The strange quark or s quark is the third lightest of all quarks, a type of elementary particle. Strange quarks are found in subatomic particles called hadrons. Examples of hadrons containing strange quarks include kaons, strange D mesons, Sigma baryons, and other strange particles.

The up quark or u quark is the lightest of all quarks, a type of elementary particle, and a significant constituent of matter. It, along with the down quark, forms the neutrons and protons of atomic nuclei. It is part of the first generation of matter, has an electric charge of +2/3 e and a bare mass of 2.2+0.5
. Like all quarks, the up quark is an elementary fermion with spin 1/2, and experiences all four fundamental interactions: gravitation, electromagnetism, weak interactions, and strong interactions. The antiparticle of the up quark is the up antiquark, which differs from it only in that some of its properties, such as charge have equal magnitude but opposite sign.

The down quark is a type of elementary particle, and a major constituent of matter. The down quark is the second-lightest of all quarks, and combines with other quarks to form composite particles called hadrons. Down quarks are most commonly found in atomic nuclei, where it combines with up quarks to form protons and neutrons. The proton is made of one down quark with two up quarks, and the neutron is made up of two down quarks with one up quark. Because they are found in every single known atom, down quarks are present in all everyday matter that we interact with.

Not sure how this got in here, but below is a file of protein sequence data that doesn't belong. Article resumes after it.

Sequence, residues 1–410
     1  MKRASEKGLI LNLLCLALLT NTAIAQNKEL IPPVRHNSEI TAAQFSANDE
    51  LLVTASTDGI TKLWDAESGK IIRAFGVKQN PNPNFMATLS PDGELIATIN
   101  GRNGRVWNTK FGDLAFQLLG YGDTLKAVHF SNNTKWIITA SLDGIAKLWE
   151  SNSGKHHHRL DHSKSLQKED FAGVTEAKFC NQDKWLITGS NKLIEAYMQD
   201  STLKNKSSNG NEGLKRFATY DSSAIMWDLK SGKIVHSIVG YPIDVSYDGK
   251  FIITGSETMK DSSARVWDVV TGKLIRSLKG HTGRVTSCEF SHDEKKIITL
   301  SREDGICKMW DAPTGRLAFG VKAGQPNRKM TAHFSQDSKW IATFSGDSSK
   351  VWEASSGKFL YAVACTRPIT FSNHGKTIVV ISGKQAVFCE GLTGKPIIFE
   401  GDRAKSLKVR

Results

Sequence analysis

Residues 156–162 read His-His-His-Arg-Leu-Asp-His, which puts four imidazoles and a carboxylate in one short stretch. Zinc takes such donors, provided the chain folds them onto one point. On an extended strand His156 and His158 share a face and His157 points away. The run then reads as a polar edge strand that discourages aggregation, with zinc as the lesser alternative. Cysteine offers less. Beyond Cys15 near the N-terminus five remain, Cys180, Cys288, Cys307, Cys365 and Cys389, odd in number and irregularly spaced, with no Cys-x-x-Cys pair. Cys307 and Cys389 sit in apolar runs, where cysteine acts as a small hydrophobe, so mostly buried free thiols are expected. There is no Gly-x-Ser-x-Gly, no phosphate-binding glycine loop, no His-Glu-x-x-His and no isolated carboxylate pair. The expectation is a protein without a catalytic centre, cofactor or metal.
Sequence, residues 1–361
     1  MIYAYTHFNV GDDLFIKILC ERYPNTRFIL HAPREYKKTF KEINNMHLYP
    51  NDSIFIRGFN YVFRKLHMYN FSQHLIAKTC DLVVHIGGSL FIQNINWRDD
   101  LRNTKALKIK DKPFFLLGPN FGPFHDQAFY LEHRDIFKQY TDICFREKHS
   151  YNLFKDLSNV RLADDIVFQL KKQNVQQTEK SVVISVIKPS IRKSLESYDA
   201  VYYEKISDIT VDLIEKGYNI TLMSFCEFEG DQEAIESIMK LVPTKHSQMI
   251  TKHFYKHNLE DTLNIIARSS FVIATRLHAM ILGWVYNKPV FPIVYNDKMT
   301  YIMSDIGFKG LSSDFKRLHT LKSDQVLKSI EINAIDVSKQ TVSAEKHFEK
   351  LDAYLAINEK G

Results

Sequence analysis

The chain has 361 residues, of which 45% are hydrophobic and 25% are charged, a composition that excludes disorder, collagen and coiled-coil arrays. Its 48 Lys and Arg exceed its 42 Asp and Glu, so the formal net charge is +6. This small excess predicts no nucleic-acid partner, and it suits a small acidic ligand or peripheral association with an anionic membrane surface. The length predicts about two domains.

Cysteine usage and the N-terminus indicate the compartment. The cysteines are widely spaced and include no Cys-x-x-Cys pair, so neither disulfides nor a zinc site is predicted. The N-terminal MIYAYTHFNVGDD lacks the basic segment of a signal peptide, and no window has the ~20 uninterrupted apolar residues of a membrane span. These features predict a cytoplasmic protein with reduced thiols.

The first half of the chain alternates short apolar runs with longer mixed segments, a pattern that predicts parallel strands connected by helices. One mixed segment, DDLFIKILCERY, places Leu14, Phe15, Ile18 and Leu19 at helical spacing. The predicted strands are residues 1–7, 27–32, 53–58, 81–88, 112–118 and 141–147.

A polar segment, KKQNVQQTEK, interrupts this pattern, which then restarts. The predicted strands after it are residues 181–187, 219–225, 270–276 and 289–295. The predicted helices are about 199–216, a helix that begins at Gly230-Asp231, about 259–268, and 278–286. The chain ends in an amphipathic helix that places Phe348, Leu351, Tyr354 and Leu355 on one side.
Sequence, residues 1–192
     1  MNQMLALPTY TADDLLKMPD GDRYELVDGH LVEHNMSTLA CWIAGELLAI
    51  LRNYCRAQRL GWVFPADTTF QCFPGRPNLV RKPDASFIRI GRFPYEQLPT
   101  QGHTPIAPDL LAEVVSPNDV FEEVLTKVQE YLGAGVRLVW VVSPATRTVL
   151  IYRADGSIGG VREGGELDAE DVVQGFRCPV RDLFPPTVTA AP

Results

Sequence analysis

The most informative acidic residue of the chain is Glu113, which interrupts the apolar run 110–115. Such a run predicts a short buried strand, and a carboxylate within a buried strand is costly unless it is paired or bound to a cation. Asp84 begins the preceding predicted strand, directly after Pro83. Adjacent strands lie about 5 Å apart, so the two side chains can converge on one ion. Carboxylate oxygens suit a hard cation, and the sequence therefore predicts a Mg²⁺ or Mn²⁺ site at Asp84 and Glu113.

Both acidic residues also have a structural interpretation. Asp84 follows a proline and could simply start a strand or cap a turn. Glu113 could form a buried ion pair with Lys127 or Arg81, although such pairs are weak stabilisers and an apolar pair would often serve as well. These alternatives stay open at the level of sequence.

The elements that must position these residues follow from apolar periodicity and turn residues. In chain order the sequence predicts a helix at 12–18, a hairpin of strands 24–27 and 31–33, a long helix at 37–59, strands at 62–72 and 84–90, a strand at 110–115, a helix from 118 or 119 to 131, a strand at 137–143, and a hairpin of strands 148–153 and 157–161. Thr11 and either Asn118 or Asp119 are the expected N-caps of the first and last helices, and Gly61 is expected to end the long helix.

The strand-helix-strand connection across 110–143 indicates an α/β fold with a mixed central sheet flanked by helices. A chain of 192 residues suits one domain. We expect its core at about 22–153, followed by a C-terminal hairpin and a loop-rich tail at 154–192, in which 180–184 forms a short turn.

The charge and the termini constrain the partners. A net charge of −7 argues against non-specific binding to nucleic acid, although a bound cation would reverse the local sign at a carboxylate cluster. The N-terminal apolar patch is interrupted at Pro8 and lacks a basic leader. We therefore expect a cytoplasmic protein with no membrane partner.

<span class="mw-page-title-main">Charm quark</span> Type of quark

The charm quark, charmed quark, or c quark is an elementary particle of the second generation. It is the third-most massive quark, with a mass of 1.27±0.02 GeV/c2 and a charge of +2/3e. It carries charm, a quantum number. Charm quarks are found in various hadrons, such as the J/psi meson and the charmed baryons. There are also several bosons, including the W and Z bosons and the Higgs boson, that can decay into charm quarks.

<span class="mw-page-title-main">Peter Higgs</span> British physicist (born 1929)

Peter Ware Higgs is a British theoretical physicist, Emeritus Professor at the University of Edinburgh, and Nobel Prize laureate for his work on the mass of subatomic particles.

The year 1964 in science and technology involved some significant events, listed below.

<span class="mw-page-title-main">Higgs mechanism</span> Mechanism that explains the generation of mass for gauge bosons